Friday, March 25, 2016

Embodiment and Meaning

The point of my blog post today is to signal my thinking about how embodied interactions produce meaning for a interactive art work.  In particular, I was really inspired by Dourish's discussion of meaning and phenomenology that was referenced by Dalsgaard and Hansen in their "Performing Perception paper."  Dalsgaard and Hansen summarize Dourish's point as follows: “…we can however deconstruct the systemic concept of embodiment to gain an understanding of some of the tensions between user and system.  First and foremost, it is a relationship characterized by the user’s exploration of the meaning of the system…Second, meaning is not a constant, rather arises from the user’s interaction with the system…this implies that one cannot control what the system means to the user, only influence the construction of meaning” (Dalsgaard, 5).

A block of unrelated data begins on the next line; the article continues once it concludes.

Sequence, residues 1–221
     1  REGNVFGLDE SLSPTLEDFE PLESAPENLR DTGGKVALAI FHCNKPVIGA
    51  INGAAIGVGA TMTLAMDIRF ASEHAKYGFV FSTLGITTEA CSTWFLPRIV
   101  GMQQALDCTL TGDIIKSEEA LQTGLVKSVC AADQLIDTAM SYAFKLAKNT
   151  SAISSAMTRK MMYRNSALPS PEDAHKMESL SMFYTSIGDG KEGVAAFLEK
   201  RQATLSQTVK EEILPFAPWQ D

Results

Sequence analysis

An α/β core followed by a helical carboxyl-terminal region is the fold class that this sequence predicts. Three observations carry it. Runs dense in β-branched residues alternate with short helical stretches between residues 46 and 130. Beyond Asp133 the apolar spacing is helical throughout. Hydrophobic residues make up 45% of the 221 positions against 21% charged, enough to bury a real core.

I looked up Dourish's 2001 paper "Seeking a foundation for context-aware computing" and found this memorable quote that provides a theoretical ground for the construction of meaning through action, paraphrasing Heidegger essentially: “it is through our actions in the world—through the ways in which we move through the world, react to it, turn it to our needs, and engage with it to solve problems—that the meaning that the world has for us is revealed…action precedes theory; the way we act in the world is logically prior to the way we understand it.” (Dourish, 6)

This theory leaves open the possibility of multiple and evolving meanings for a piece of interactive art.  This would be most true if we are fortunate to have a community form around a piece of art, as Dourish argues: “if the meaning of use of technology is…something that is worked out again and again in each setting, then the technology needs to be able to support this sort of repurposing, and needs to be able to support the communication of meaning through it, within a community of practice.” (Dourish, 12).

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